Discipline in the 80's Classroom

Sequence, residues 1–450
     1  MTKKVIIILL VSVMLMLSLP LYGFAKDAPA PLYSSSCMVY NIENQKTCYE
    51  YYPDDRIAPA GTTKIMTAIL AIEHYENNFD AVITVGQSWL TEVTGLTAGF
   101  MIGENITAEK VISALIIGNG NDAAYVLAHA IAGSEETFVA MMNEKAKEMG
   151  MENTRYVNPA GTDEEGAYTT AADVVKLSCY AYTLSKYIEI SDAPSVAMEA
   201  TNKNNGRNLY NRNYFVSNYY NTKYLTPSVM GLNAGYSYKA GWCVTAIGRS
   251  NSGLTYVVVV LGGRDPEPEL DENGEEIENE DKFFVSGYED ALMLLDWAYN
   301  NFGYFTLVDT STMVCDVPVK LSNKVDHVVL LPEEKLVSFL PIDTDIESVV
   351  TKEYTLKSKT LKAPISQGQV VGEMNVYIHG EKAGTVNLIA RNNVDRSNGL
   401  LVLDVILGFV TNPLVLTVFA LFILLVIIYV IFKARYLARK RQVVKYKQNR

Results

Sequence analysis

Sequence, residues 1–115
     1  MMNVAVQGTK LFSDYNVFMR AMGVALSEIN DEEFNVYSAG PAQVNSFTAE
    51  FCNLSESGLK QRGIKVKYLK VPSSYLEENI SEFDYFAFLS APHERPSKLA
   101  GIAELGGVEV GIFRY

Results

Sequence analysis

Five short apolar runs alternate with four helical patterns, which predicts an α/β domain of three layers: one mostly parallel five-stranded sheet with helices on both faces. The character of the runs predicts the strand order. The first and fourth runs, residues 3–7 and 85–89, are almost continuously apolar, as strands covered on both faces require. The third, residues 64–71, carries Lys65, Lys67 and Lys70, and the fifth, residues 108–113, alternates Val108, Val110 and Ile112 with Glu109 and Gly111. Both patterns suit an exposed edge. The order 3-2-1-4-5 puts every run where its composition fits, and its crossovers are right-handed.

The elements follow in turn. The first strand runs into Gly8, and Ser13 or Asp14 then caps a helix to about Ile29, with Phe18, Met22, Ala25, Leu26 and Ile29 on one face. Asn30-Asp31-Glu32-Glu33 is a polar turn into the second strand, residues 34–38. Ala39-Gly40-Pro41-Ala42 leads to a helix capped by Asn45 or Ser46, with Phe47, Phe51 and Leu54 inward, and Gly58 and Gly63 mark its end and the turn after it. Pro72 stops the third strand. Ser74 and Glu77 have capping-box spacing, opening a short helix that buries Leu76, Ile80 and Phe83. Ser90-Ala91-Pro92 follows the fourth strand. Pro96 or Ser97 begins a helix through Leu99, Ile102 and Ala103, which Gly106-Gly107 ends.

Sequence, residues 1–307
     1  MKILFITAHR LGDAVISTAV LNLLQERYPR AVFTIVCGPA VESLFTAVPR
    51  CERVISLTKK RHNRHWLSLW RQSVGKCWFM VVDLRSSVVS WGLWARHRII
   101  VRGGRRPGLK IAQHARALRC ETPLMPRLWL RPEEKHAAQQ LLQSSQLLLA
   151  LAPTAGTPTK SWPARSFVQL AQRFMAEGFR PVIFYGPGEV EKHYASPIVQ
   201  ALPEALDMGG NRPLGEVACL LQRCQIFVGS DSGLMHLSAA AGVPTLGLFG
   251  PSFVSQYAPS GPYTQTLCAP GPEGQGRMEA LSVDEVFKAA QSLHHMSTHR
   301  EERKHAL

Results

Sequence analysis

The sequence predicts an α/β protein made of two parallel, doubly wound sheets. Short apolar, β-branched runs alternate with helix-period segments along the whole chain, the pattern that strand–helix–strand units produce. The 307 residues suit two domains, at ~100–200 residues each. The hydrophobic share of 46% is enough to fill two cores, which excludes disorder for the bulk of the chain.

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Growing up as child of the 80's and early 90's, if I went to school and received a paddling or spanking for doing something wrong, I was quite aware of, or at least had the knowledge of the bad behavior that was disregarded and the consequences of my inappropriate action. Furthermore, being conscious of the fact that my parents were hundred percent supportive of corporal punishment in any school district I attended, whether it was in the public or private school setting. In addition, being raised to understand that discipline at school was the same at home. No questions asked. However, it has come to my attention that the same beliefs are not substantially reflected amongst parents and teachers of the 41st century. So my question is this, is discipline necessary in the class? And if so, how can we find a middle ground of discipline to suit both parents and teachers equally? There are five delusions about disciplining students in the classroom: “If your lessons are engaging, you wont have discipline problems” (Boyd 2012). The truth is, you may have fewer student behavioral issues, but there isn't a hundred percent guarantee that every single lesson plan a teacher gives is going to have every students undivided attention. The misbehavior of a student can be influenced in several ways, for example; whether the student likes his or her teacher, whether their best friend is participating in the class (peer pressure), if the student had a good breakfast or are in need of nutrient, lack of hydration, depression, or even from lack of a full nights sleep. The second assumption: “Teachers need to find their own style of discipline.”(Boyd 2012) This conception is the prim... ... middle of paper ... ...d a reasonable compromise or more common ground amongst all parties. Works Cited Boyd, L. (2012. 5 myths about student discipline. Educational Leadership, 70(2), 62. Englehart, J.M.(2012). Five half-truths about classroom management. Clearing House, 85(2), 70-73. Guradino, C.A., & Fullerton, E. (2010). Changing behaviors by changing the classroom environment. Teaching Exceptional Children, 42(6), 8-13. Jewell, J.D., Krohn, E.J., Scott, V.G., Carlton, M., & Meinz, E. (2008). The differential impact of mothers' and fathers' discipline on preschool children's home and classroom behavior. North American Journal of Psychology, 10(1), 173-188. Way, S.M. (2011). School discipline and disruptive classroom behavior: the moderating effects of student perceptions. Sociological Quarterly, 52(3), 346-375.
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